THE STRANGER´S CEMETERY is a story about a Lebanese village where cancer spreads from toxic river water while
government authorities put blame on refugees living along the river banks. It's a documentary film about nature, community and death.
I filmed and directed The Strangers’ Cemetery while living and studying in Lebanon for one year. It was the year leading up to the revolution and before the disastrous explosion in the port of Beirut. Albeit my heart is with the Lebanese people, this is not a film about these very significant events. Other filmmakers, much more capable and relevant than a white European male such as myself, will tell the stories that need to be told.The Strangers’ Cemetery evolved for me from two quite simple but horrifying realisations: That the destruction of the Earth’s nature and environment is also a destruction of memory, hope and belonging; and that this destruction is not equally divided around the world.
I came to realise that those whose destiny is most linked to environmental destruction are those "who are turned away, deported, expelled; the clandestine, the “undocumented”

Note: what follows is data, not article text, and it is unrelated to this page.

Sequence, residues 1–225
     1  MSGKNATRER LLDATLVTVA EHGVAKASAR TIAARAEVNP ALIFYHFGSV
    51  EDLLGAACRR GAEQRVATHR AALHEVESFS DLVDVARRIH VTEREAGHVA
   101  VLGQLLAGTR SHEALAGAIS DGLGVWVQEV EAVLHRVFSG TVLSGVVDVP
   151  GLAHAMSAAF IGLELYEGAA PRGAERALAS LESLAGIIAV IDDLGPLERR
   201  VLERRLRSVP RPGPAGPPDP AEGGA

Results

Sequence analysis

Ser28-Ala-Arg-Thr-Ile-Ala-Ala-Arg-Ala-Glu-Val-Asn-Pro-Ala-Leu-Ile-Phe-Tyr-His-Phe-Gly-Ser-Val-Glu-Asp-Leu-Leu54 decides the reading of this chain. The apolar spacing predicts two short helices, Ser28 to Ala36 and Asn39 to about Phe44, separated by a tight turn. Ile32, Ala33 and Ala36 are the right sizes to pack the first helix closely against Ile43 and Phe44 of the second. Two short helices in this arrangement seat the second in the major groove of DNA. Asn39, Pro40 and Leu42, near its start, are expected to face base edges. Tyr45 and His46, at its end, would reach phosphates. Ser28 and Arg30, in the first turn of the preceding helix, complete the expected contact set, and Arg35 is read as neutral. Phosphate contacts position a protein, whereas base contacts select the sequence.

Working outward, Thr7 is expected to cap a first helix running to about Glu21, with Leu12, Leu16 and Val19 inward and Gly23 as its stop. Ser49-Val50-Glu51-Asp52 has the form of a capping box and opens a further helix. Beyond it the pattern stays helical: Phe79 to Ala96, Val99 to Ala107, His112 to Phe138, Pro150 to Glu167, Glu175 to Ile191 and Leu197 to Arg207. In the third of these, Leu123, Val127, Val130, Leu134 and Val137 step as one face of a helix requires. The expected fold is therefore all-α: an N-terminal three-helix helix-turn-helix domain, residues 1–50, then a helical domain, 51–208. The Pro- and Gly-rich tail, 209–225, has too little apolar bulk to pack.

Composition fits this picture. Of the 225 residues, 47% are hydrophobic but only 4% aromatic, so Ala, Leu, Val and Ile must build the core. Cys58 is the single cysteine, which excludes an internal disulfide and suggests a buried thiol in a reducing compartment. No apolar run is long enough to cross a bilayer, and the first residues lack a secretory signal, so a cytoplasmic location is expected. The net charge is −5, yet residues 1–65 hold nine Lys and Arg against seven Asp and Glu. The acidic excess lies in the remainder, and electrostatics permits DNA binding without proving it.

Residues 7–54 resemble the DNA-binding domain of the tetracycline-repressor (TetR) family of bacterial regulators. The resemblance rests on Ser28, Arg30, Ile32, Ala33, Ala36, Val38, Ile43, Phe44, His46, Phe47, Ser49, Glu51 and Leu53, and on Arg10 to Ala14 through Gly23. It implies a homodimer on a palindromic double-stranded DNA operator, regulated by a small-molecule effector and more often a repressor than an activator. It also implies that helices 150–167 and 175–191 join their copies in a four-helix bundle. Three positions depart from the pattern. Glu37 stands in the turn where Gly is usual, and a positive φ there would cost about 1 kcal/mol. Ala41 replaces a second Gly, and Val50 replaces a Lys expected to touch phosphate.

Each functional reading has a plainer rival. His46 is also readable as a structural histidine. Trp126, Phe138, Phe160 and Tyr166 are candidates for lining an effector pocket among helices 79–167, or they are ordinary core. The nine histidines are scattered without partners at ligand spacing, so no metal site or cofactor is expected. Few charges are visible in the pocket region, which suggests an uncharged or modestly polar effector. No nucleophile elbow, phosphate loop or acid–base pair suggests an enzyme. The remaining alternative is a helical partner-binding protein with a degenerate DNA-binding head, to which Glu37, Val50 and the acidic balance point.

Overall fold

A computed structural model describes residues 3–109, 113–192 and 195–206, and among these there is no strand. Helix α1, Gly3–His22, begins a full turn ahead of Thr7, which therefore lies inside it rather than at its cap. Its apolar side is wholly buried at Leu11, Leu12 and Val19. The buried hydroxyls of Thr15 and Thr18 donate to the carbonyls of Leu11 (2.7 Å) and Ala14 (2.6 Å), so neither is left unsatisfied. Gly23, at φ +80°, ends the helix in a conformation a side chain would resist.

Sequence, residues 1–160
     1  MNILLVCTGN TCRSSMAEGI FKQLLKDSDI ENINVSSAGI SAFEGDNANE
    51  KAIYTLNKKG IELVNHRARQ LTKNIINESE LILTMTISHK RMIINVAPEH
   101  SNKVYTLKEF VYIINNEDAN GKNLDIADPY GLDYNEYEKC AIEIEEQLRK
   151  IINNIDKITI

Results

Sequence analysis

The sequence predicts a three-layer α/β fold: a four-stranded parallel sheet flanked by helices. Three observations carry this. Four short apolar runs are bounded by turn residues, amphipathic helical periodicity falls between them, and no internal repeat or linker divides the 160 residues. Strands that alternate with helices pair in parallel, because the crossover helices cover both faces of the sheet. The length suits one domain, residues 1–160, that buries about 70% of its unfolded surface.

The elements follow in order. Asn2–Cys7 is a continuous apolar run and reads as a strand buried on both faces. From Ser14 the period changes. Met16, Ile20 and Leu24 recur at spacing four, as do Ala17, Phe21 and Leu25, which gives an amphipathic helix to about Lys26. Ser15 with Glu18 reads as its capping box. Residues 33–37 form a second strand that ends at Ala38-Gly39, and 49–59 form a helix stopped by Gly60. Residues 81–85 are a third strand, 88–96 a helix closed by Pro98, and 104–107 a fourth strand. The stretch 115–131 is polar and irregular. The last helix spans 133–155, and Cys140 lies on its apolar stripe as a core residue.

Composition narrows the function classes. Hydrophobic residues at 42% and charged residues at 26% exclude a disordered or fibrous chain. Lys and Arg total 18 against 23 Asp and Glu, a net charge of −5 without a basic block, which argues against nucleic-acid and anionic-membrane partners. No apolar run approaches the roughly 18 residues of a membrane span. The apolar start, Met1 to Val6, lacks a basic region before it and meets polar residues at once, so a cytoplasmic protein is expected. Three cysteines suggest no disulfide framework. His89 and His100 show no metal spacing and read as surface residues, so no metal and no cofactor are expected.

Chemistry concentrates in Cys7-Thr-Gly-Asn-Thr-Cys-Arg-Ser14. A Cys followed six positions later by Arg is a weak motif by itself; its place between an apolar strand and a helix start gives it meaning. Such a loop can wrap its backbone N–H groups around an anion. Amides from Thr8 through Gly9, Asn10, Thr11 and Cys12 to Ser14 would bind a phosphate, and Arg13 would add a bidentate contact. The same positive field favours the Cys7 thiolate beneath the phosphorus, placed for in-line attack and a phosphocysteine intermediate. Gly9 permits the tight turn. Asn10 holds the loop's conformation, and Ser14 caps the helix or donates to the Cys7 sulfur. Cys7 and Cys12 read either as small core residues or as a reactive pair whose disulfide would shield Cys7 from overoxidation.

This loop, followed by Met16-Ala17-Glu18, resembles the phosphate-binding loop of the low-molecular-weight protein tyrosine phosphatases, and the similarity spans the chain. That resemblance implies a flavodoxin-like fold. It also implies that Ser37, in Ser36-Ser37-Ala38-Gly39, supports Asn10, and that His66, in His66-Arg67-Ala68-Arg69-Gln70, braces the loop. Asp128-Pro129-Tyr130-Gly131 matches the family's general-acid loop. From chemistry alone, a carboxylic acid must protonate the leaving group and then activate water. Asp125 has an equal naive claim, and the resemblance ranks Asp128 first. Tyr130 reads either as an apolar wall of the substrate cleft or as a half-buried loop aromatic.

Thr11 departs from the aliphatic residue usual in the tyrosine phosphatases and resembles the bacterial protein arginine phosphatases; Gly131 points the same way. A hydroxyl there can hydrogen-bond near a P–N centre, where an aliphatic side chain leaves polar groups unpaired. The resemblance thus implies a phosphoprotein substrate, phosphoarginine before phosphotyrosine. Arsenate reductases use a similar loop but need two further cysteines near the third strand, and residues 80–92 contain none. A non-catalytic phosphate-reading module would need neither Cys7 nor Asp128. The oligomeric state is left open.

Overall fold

Hauch al-Rafaq is a small village located in Lebanon's Beqaa Valley, an area controlled by Hezbollah. It's an area marked by exclusion from the political system and poverty - not least since the devastating economic crash in the country. A bookkeeper welcomes us. He's making little money on his goods with the inflation - and he links the polluted Litani River to a curse running through the entire country. A pollution of body and society.
While villagers fear who cancer might hit next, Dr Sami, head of the Litani River Authorities, follows his own logics combatting the rapid spread of this disease. Unable to touch the old plastic factory leaking chemicals into the Litani, he's instead bulldozing refugee camps near the river, exploiting an air of xenophobia. And promoting himself as a hero.
Nature and death intertwine at the Strangers' Cemetery, where a gravedigger tries to keep up ancient Islamic traditions while others are trying to make money on the dead. With closed borders and no end in sight to the downward economic spiral, the caretaker remembers the decaying corpses of the last civil war and wonders what might come next.
- the intruders and castoffs from humanity that we want to get rid of because we think that, between them and us, there is nothing worth saving, and that they fundamentally pose a threat to our lives, our health, our well-being” (Achille Mbembe).Western media- and political narratives frustrate me; both on the so-called Middle Eastern region — and on the topic of refugees in particular. By contrasting death and nature, refuge and belonging, I invite the viewer to explore other narratives than those presented by the media — with the hope that it may transpire ideas and imaginings of a more positive future.